When a swarm of runners set out from Cross Campus on Sunday morning, they were not just looking for a workout.

This weekend, 257 adults and 47 kids runners participated in Julia’s Run — a charity event in memory of Julia Rusinek ’00. Rusinek, who was a student in Jonathan Edwards College, died between her junior and senior year at Yale due to a sudden heart condition. Though roughly the same number of runners participated in the race last year, this year’s event saw a high level of undergraduate participation. As Helen Fang ’15 was one of only two Yale undergraduates participating in the run last year, she decided to organize a group from JE this year, which included 30 students and administrators from the residential college.

“I thought it would be nice to get a JE contingent together in memory of one of our own,” Fang said. “Hopefully this becomes a yearly tradition and more undergrads run it.”

Fang said the JE group included Master Penelope Laurans, who cheered on the runners, and Dean Joseph Spooner.

Laurans said in an email that the run was an “act of community,” involving members of the JE community coming together to remember and pay tribute to a former JE student.

“It was also just plain fun to be together and run for a good cause,” she said. “It made everyone involved feel closer to JE and to one another.”

Fang said she got the word out about the race through a residential college-wide email. Though the undergraduates paid for their own registration for the event, the JE College Council helped pay for their T-shirts.

Sam Nemiroff ’16, a JE student who ran in the race this year, said he appreciated the good weather and the opportunity to “run alongside fellow JE students for a great cause.”

Alec Downie ’16, another runner in JE, said he was surprised by how well attended and well organized the race was.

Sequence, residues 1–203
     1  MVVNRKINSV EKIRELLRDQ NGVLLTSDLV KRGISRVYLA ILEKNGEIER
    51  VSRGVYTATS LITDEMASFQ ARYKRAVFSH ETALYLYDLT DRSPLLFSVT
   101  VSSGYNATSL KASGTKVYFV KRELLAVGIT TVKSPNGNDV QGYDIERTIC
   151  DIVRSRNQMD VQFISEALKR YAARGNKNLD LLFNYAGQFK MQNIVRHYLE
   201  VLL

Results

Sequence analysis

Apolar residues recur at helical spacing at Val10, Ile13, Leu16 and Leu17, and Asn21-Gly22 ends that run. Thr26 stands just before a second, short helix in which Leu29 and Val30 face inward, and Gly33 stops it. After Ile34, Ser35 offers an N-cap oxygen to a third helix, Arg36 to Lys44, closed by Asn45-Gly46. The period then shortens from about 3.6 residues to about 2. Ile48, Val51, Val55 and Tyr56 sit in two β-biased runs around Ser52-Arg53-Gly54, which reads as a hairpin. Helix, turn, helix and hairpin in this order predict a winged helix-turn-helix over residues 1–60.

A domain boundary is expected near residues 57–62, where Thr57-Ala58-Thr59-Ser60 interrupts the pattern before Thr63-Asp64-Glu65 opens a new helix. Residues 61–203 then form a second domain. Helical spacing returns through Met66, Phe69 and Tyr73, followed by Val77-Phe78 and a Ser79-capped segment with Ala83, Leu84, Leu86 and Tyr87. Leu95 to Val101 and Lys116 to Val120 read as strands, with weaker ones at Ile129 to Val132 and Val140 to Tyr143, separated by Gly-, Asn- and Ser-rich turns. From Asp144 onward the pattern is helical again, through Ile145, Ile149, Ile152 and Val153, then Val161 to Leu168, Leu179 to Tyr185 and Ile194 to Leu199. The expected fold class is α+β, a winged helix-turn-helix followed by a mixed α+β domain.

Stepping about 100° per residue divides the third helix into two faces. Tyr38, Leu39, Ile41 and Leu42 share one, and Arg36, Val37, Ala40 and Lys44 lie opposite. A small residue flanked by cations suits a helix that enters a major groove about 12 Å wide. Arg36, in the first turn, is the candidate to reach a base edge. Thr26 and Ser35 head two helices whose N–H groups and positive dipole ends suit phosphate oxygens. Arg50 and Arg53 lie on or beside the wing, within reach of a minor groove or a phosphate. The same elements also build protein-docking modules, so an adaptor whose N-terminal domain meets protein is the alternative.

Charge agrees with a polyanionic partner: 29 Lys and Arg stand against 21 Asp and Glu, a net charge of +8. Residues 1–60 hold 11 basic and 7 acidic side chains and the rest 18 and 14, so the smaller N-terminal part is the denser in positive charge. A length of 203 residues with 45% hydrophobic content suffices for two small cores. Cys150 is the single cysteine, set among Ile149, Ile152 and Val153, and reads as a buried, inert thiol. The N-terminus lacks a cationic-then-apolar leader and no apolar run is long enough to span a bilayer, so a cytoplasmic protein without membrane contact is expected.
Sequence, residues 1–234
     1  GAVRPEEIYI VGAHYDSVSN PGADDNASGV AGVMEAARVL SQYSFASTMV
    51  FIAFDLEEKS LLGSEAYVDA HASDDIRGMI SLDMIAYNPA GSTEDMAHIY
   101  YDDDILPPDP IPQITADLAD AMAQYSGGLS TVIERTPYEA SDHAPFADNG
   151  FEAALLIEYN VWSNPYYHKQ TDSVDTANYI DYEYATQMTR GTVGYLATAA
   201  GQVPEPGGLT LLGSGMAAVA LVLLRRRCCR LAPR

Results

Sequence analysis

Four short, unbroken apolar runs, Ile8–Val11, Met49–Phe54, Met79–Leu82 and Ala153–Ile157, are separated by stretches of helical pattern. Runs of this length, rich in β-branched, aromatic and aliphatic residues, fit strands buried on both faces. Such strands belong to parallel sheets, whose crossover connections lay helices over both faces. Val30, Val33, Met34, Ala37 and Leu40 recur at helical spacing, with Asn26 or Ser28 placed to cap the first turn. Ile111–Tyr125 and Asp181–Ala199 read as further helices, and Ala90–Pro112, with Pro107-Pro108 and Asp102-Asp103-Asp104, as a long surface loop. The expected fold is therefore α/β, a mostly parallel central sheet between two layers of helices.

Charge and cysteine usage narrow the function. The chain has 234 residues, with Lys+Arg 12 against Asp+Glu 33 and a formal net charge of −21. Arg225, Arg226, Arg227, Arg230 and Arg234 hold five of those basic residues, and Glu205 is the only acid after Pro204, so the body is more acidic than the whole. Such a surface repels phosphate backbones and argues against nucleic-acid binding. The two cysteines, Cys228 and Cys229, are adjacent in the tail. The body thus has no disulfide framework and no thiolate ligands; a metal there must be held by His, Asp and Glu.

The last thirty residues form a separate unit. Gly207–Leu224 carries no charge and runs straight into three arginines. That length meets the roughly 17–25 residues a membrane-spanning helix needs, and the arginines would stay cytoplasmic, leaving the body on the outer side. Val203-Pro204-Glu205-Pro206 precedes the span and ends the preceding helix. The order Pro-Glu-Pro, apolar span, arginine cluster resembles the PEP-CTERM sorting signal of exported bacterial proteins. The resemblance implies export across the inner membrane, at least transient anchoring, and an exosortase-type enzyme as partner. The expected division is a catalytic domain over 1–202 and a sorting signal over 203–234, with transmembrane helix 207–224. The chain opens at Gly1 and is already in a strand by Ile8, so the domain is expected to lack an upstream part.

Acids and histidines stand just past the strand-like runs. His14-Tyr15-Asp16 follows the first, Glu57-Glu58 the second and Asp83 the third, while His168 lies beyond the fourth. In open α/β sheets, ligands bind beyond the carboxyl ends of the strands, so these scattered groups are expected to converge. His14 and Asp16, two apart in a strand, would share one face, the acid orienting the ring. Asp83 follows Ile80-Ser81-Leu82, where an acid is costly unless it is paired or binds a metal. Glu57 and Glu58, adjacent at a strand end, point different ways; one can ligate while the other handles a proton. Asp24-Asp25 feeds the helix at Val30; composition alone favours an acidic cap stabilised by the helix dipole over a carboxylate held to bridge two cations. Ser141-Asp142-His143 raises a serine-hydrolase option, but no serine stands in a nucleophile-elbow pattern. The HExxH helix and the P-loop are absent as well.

“It was a good course — challenging in parts, but not too stressful,” he said.

Though Downie said he was pleased with his time in the race, he added that he would like to do the race again next year to try to improve his time.

Rusinek’s family and friends founded Julia’s Run in 2000, a year after Rusinek passed away. All proceeds from the race go to LEAP (Leadership, Education, Athletics in Partnership), which is an academic and social enrichment program for children and youth from neighborhoods with high poverty rates in New Haven.

Andrew Krause ’00, a classmate of Rusinek, said in an email to Fang that the race began as a “family affair,” in which every participant had a direct connection to Rusinek. Over time, the event evolved into an “annual stop for runners on the local road race circuit,” he said.

Still, Rusinek’s friends and family have continued to participate enthusiastically in the run each year, Fang said.

While the main race was four miles long, kids ages 12 and under could participate in a “Fun Run.” The race was followed by an awards ceremony with refreshments and a raffle.

Matthew Lloyd-Thomas contributed reporting.